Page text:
The thing about high speed rail travel is that it doesn’t really offer much in the way of efficiency on short hops. For the Brightline project in South Florida the goal was a route from Orlando to Miami, long enough to deliver demonstrable time savings to commuters and tourists alike versus driving. The company expects to launch commuter service between Palm Beach, Fort Lauderdale, and Miami later this Summer which is mostly on schedule and as expected.
Based on recent updates, however, it seems a bit less likely that the stretch from Orlando to West Palm Beach will become operational. At a minimum expect it to be late 2020 before that service launches. The company believes it will take at least two years from beginning of construction on that section of the tracks until passengers will be carried. And it hasn’t started the work yet.
Among other challenges is the NIMBY factor, with residents north of Palm Beach opposing the 110mph trains (does that really count as HSR, even if twice as fast as what’s operating today?!?) running through the region. As the Palm Beach Post describes it, “track work between West Palm Beach and Central Florida has been delayed by a myriad of legal challenges, permitting issues and financing setbacks.” The financing issue appears tied to indecision on the part of the company. Initially it considered a federal loan then shifted to the bond market for funding but was forced to shelve the $1.75bn offering. That was back in 2014ish and now the company still needs a couple billion dollars to finish the work. Going back to the feds would mean reopening the environmental impact assessment process and give the many NIMBY-folk opportunities to further delay or derail the project.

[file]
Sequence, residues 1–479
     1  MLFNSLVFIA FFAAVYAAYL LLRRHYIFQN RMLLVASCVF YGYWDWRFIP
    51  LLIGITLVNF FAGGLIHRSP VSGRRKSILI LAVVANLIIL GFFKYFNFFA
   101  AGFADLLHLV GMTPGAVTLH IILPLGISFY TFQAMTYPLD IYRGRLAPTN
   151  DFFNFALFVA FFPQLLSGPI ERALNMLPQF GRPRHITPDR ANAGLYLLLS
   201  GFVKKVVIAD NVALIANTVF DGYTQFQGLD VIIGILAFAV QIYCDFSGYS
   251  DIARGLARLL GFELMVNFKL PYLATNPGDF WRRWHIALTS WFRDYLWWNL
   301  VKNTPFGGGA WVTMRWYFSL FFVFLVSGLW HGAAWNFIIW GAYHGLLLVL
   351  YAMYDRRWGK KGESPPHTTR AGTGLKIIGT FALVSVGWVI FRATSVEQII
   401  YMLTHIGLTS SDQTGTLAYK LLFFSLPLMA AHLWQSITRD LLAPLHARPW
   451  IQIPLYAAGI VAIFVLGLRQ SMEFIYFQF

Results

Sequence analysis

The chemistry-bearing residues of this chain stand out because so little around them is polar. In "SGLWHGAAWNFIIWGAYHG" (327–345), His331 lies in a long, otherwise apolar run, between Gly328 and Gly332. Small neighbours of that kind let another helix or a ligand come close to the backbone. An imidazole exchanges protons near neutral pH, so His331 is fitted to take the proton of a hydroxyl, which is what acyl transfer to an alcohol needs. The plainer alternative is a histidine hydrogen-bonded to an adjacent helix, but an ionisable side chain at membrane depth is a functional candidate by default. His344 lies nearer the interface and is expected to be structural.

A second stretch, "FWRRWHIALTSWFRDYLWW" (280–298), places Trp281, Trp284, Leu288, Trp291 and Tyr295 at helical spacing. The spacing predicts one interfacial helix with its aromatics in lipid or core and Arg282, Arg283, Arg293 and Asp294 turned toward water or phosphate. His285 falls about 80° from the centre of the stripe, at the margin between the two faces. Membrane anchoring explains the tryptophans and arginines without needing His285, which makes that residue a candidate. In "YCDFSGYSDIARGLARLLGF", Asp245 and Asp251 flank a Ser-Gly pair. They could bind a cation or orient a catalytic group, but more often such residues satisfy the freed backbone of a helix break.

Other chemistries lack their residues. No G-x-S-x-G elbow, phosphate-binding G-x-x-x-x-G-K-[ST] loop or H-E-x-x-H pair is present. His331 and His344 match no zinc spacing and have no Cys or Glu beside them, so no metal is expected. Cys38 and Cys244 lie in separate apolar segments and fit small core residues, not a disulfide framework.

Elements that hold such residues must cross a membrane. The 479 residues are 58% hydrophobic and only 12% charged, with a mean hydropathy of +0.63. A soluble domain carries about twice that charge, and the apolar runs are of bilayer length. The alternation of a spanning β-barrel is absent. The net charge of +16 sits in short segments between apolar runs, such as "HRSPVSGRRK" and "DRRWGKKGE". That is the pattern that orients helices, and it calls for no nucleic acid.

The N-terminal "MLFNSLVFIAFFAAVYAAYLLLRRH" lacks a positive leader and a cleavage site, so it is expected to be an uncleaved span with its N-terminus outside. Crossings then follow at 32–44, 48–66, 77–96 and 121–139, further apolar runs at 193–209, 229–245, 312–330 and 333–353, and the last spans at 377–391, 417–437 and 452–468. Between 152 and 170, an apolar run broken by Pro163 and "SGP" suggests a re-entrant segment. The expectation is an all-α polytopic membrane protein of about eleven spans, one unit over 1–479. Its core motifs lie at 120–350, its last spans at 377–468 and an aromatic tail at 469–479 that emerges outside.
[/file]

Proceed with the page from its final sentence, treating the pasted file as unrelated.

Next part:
At the northern end of the project, however, sits the nearly completed $221mm transportation hub at Orlando International Airport. The building includes a Brightline station to handle the operations, assuming the work is completed. And once the building opens Brightline is on the hook for $10mm annually in rent. That seems small in a budget of billions for construction but the Orlando end of the route was expected to deliver half the ridershp and nearly 80% of the revenue for the project. Without that income the viability of the effort is questionable.
— Lori Berman (@loriberman) July 19, 2017
Within South Florida the Tri-Rail service offers rail connectivity today, though at slower speeds. Plus the Tri-Rail stations don’t include the integrated commercial, residential, and residential developments that Brightline hopes will bring riders and employees on to the trains. If the home and office are both on the line then why drive, right?
But the fact that the company is still working to secure the necessary permits to begin construction cannot be good news for its future. Unlike The Boring Company it seems there isn’t even “verbal government approval” in place here.
Building new rail infrastructure is hard. Doing it as a private entity is really, really hard. And Brightline appears set for an uphill battle to develop its full planned service.
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